As illustrated in the drawing, a slag bath is formed in a slag trough 21 forming part of a slag bath generator having a reactor shell 31 which incorporates coolant pipes 30. Liquid slag accumulates in the trough 21 from where it is discharged through an overflow 22 into a coolant liquid, namely, water which forms a quenching medium disposed in a collecting vessel 23. Reference numeral 37 identified a desired coolant level which is to be maintained between two limit levels by means of two float regulators 29 and 36. A water control valve 10 is used to feed a coolant into the collecting chamber and a water control valve 11 is used to control the withdrawal of the coolant from the collecting chamber when, for example, the level of the coolant exceeds the desired liquid level 37. A pressure relief valve 12 prevents the occurrence of an excessive pressure within the slag bath generator which typically forms part of a gasification chamber. A pressure control switch 18 provides a signal to control the pressure relief valve 12 to avoid the development of an excessive gaseous pressure within the top part of the collecting chamber because as granular material accumulates in the collecting vessel this affects the gas pressure. A detector in the form of a level probe 19 projects through the wall of the collecting vessel above the desired coolant level 37.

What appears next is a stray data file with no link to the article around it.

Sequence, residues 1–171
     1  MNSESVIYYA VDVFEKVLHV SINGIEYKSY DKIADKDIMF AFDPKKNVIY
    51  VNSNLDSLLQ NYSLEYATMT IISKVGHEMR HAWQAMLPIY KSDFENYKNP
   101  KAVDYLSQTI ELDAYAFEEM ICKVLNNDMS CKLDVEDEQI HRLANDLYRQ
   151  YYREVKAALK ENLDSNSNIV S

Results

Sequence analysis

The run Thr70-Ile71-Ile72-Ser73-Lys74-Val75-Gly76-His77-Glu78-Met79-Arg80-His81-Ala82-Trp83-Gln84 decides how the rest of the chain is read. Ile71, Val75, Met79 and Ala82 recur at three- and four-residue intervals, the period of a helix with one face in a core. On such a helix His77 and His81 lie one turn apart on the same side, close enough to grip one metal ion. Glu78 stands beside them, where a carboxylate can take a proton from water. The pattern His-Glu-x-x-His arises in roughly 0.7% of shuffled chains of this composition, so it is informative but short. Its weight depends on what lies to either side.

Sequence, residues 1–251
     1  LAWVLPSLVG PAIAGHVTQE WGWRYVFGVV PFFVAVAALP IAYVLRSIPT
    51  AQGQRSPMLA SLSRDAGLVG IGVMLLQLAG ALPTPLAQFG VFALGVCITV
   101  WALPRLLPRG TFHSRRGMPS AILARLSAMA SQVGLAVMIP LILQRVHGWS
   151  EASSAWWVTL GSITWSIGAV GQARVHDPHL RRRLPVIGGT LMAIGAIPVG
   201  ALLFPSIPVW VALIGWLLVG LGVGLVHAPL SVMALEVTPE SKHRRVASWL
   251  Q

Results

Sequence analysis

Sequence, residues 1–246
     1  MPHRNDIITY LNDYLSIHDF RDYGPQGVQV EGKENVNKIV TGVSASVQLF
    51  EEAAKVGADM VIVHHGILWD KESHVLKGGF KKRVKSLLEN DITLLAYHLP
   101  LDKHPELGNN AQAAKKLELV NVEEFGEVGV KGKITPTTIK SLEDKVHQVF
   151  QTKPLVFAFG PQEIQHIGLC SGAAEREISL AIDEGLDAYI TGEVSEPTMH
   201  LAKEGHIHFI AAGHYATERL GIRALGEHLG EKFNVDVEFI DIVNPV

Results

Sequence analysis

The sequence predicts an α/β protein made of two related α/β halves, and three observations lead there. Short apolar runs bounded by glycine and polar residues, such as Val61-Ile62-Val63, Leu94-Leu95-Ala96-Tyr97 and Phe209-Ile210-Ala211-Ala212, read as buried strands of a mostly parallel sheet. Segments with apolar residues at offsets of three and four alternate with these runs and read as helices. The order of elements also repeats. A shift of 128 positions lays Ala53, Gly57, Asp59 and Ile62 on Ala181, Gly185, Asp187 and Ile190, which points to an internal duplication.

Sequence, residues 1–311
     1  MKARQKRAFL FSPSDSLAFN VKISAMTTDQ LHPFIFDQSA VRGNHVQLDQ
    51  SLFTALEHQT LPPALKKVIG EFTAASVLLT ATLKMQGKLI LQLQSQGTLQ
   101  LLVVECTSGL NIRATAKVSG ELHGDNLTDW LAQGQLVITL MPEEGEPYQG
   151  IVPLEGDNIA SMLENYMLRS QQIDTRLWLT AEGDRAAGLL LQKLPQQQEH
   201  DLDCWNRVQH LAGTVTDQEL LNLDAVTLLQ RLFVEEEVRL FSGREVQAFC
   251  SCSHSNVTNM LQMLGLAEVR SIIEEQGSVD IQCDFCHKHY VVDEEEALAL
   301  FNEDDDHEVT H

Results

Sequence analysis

In the drawing, reference numeral 38 indicates the maximum level of granulate permitted to accumulate after descending below the desired coolant level in the collecting vessel 23. When the granulate accumulates to the level 38, the granulate lies within a region between a gamma radiation sender 27A and a radiation receiver 27B. The granulate decreases the output signal from the radiation receiver 27B. This output signal is usually in the form of pulses which, in turn, provides a signal to open a duplex gate valve 24. Gate valve 24 includes a circular bottom gate 24A employed to provide a hermetic closure. Bottom gate valve 24A opens first which is followed by the opening of a top circular gate valve 24B. A thermal detector switch 28 provides a signal used by a controller, not shown, for valves 10 and 11 to increase the coolant feed rate when a predetermined temperature is exceeded within the collecting vessel 23.